A lot can change in a few years. Maybe your company rolled out new products. Maybe it shifted its focus on particular services — or finds itself serving different customers. No matter what’s changed, your marketing strategy needs to evolve accordingly. An important part of that evolution may be updating your buyer personas.
The knowledge of yourself will preserve you from vanity. - Miguel de Cervantes
I'll be the first to admit it: I'm as guilty as anyone on focusing on digital metrics that paint a pretty picture, instead of those that provide real, actionable knowledge.
It's an easy habit to fall into, especially when the knowledge to be gained may not necessarily be something your boss wants to hear.
But here's the good news: as digital marketers, we have access to a wealth of data about how prospects and customers are interacting with our digital spaces. If you can get bad data, you can get good data, too.
If you're a business with multiple locations (think franchises, restaurants, etc.), you probably found your way to this post because you're wondering one of two things:
1. Should you set up an individual Facebook page for each of your locations? What are the pros and cons of having either one page or multiple Facebook pages for your business?
2. How do you set up multiple Facebook pages for your business?
You're in the right place. Read on to learn the answers to both questions and come away with a better understanding of which direction is right for your business.
Until recently, advertising was a weird taboo for inbound marketers.
As a sensible alternative to the annoying tactics of traditional "outbound" marketing, Inbound veered away from most forms of advertising along with cold calls, purchased email lists and all the other tired methods marketers had clung to for years.
But as it turns out, when we declared the death of the “old way of doing things,” we ended up throwing a few babies out with the bathwater.
Ads didn’t need to be banished outright, they just needed to get a little smarter.
Whether you've been creating YouTube videos for a while, or are just getting started and in need of inspiration, now might be a good time to review the types of content that see the most success on the world's #1 video watching site.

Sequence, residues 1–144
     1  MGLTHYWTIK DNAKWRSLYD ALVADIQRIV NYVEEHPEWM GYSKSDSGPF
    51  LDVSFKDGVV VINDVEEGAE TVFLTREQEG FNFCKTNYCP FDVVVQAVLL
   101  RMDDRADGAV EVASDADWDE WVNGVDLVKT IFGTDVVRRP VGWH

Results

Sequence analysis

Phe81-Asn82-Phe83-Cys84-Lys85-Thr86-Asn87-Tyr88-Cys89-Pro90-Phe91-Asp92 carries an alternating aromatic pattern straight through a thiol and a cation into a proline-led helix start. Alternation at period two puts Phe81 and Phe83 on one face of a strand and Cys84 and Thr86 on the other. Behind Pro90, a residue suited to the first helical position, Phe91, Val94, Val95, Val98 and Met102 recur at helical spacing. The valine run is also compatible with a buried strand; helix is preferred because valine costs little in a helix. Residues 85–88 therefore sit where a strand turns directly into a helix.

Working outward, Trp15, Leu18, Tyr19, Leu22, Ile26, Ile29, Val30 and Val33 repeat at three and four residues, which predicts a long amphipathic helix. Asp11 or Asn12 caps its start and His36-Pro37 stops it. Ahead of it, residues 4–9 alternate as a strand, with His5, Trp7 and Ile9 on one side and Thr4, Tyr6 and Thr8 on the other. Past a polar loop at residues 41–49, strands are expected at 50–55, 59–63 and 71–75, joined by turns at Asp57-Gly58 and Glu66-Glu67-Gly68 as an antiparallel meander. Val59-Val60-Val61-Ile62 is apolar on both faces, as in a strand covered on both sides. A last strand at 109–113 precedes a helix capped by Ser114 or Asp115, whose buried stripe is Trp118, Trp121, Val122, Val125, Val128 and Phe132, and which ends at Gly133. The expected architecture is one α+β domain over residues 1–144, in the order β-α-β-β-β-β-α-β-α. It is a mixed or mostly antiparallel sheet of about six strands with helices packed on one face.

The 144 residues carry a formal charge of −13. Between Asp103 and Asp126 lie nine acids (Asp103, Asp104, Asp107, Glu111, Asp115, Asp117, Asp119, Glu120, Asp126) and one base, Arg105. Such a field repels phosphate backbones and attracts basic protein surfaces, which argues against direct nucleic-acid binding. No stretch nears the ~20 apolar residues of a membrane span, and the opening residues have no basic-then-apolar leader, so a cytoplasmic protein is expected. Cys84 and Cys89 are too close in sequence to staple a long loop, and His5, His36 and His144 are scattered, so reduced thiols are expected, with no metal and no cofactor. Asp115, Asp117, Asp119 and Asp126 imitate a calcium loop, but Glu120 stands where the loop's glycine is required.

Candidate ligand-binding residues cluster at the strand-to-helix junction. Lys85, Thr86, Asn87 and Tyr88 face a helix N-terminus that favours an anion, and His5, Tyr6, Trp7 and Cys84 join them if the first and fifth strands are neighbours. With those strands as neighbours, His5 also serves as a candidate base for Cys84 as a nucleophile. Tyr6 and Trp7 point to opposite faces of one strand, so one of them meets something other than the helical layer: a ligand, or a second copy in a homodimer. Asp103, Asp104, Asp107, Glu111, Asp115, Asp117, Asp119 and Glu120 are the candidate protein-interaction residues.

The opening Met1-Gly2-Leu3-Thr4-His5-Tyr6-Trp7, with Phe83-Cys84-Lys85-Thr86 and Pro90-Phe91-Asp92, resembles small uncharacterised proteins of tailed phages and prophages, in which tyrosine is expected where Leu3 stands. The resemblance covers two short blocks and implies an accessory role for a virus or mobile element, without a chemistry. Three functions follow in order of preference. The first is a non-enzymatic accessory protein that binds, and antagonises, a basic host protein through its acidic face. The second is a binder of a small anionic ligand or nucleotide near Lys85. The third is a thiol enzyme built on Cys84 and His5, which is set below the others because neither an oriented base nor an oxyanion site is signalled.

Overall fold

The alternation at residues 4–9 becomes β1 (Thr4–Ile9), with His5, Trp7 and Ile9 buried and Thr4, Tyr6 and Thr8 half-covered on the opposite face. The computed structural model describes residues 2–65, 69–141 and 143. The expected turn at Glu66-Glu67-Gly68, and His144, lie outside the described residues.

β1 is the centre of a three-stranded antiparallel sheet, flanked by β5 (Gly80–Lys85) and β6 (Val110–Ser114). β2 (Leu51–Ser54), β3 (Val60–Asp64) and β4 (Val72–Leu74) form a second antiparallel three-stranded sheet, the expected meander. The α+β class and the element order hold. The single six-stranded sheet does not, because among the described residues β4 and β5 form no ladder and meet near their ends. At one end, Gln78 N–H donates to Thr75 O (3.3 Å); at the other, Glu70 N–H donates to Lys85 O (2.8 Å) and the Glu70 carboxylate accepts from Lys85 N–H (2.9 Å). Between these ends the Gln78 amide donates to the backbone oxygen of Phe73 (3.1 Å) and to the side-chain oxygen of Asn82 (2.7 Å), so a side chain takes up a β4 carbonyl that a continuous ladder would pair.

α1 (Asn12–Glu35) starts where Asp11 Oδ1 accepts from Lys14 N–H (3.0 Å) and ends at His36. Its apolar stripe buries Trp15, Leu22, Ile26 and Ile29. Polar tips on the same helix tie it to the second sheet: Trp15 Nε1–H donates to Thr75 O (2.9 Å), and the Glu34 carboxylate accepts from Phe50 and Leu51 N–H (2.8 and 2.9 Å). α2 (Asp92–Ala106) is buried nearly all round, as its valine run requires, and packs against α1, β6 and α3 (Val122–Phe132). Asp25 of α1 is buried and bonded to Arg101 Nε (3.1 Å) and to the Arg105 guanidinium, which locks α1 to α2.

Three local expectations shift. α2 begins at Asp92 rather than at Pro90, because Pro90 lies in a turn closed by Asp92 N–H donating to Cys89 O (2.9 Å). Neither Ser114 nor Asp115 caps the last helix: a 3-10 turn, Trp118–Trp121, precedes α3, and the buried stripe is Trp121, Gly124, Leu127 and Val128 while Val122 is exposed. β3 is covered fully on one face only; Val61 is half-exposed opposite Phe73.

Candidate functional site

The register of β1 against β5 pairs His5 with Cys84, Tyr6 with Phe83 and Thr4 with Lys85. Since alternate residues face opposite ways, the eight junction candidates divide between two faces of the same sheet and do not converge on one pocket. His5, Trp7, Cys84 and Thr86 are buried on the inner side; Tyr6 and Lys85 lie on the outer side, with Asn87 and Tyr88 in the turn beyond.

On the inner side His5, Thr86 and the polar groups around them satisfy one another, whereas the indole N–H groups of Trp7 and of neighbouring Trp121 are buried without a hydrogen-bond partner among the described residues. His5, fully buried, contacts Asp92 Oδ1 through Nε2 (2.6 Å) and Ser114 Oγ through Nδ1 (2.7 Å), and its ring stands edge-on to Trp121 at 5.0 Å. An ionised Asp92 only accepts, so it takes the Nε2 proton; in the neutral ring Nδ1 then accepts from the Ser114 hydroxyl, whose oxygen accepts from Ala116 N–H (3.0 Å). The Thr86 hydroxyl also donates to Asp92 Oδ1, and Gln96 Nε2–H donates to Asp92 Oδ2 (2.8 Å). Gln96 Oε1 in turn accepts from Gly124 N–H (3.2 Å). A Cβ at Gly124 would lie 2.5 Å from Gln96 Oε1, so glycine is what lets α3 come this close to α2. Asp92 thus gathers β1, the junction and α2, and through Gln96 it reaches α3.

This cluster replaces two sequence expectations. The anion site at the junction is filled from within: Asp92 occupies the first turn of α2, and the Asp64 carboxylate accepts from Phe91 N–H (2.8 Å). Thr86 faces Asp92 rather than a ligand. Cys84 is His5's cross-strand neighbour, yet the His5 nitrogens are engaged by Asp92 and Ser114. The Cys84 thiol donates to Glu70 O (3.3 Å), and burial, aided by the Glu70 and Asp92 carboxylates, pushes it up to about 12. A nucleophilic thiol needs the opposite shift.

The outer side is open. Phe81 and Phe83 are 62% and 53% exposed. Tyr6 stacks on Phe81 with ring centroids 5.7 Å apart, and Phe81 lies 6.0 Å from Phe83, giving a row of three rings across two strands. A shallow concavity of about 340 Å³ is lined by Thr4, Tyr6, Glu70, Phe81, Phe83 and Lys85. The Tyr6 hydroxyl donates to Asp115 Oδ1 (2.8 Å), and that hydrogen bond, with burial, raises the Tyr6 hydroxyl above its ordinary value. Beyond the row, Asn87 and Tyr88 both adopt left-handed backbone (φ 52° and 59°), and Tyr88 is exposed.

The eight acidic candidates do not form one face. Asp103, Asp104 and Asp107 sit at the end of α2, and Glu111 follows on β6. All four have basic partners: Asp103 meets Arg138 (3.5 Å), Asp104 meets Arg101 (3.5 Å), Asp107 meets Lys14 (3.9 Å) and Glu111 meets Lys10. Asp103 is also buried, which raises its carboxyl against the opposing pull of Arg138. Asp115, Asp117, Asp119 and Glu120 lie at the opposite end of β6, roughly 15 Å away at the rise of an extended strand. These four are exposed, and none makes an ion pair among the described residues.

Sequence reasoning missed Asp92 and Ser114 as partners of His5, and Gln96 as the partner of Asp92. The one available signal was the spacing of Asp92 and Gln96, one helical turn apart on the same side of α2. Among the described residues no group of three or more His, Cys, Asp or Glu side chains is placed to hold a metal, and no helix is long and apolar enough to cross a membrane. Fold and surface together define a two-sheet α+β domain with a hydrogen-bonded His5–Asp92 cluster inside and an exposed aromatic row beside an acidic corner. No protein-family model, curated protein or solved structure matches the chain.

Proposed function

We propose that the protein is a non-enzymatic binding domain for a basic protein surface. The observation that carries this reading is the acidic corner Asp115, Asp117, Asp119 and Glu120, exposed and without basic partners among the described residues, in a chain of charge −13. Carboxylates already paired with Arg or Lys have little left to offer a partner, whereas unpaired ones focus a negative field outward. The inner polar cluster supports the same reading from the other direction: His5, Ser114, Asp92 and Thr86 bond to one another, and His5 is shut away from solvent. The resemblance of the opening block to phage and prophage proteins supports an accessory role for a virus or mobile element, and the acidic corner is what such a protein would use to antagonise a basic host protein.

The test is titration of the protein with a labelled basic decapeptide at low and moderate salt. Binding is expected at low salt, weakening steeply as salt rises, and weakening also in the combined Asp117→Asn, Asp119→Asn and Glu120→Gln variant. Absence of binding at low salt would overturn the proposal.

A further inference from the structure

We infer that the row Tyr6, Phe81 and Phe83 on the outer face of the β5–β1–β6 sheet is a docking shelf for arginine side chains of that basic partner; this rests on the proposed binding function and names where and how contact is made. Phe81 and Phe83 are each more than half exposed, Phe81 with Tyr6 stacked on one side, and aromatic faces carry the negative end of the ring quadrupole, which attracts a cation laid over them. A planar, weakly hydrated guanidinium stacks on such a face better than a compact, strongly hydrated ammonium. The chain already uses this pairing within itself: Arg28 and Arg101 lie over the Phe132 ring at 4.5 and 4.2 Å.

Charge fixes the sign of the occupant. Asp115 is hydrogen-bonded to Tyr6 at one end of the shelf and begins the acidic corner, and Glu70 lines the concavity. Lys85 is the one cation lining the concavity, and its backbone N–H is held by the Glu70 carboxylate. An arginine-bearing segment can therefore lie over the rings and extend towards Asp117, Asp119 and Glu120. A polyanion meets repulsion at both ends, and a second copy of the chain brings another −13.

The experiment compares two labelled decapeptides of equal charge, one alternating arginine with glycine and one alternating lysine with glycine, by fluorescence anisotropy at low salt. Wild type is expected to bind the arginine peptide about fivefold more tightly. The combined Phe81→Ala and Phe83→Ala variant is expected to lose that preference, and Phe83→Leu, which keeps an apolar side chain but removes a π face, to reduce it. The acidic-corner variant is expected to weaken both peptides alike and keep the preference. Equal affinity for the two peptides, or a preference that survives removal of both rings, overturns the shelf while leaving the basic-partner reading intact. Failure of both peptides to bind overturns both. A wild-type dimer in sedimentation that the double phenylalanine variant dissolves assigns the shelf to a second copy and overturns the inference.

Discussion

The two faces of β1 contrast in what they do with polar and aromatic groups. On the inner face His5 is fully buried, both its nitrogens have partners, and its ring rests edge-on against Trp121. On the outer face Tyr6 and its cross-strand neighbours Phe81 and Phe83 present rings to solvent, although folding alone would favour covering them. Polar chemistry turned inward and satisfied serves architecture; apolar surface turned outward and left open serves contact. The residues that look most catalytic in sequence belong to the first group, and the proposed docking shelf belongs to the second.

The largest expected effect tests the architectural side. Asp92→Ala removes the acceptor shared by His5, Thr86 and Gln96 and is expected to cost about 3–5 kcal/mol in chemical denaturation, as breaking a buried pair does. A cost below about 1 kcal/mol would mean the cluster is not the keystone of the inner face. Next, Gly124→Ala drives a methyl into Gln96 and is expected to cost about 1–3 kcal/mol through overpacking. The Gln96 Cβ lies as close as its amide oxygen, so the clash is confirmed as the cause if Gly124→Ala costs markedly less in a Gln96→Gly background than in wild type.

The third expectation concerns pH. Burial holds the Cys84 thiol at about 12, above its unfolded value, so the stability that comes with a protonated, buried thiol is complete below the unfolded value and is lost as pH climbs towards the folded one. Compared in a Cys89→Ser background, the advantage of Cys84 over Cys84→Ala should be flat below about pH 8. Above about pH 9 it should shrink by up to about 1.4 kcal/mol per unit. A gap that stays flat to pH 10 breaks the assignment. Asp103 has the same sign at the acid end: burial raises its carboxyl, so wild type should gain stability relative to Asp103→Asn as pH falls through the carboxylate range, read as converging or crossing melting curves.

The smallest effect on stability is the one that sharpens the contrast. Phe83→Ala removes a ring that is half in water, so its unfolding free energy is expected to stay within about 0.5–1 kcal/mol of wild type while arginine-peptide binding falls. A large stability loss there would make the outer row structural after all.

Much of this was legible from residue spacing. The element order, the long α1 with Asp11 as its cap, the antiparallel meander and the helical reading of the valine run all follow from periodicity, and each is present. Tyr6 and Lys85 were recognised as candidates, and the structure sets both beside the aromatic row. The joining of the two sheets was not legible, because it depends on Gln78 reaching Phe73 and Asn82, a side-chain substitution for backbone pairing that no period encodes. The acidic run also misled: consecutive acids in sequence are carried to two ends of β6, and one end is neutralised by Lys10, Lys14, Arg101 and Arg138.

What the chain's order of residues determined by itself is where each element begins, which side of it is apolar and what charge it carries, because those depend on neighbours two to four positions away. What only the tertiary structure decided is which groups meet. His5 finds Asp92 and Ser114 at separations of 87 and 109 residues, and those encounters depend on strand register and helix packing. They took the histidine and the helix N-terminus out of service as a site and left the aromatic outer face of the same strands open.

It's undeniable that Facebook is a necessary and important part of any digital marketing campaign. With over 2.3 billion users from countries the world over, the potential reach that Facebook gives businesses is irresistible. But there are certain things your firm can do with your Facebook page that will earn the trust of your fans and that will increase visibility and engagement among them.
First, make sure your accounting or financial firm has a business page instead of a personal profile. There are quite a few differences between the two types of pages that will either help or hurt your firm's reputation.
Also, when creating your page, be sure to fill out all the important information about your business, like address, hours, and contact info. Consider what keywords you should be trying to rank for and include them in your business' bio. It's likely that you'll want to rank for "accountant", "financial firm", "accounting firm", and "(your city or local area)".
With all the buzz around social media lately, more small-to-medium sized businesses are feeling pressure to keep up with the latest best practices as it gets more complicated to market a business via social media platforms.
If you don’t have a full understanding of what it takes to properly plan, create, and execute an outstanding social media marketing strategy, keeping your social media marketing in-house can be a missed opportunity to use these high-engagement platforms for lead generation.
This post explores what's needed to set up and maintain a successful social media strategy in-house along with what you can expect when partnering with an agency.
Whenever I see a a site or tweet promising thousands of free followers at a low, low cost, a lot of questions run through my mind.
How do these companies make any money? How could anyone possibly think purchasing Facebook Likes or Twitter followers is a good idea? What value do these people think they're getting? Do they know it's a scam?
I just don't get it. Buying followers can do a whole lot of bad things, but only one (kind of) good thing: making a number on your profile page higher than it was before. In most cases, that's all your paying for: a different number. And the bad things? Here we go ...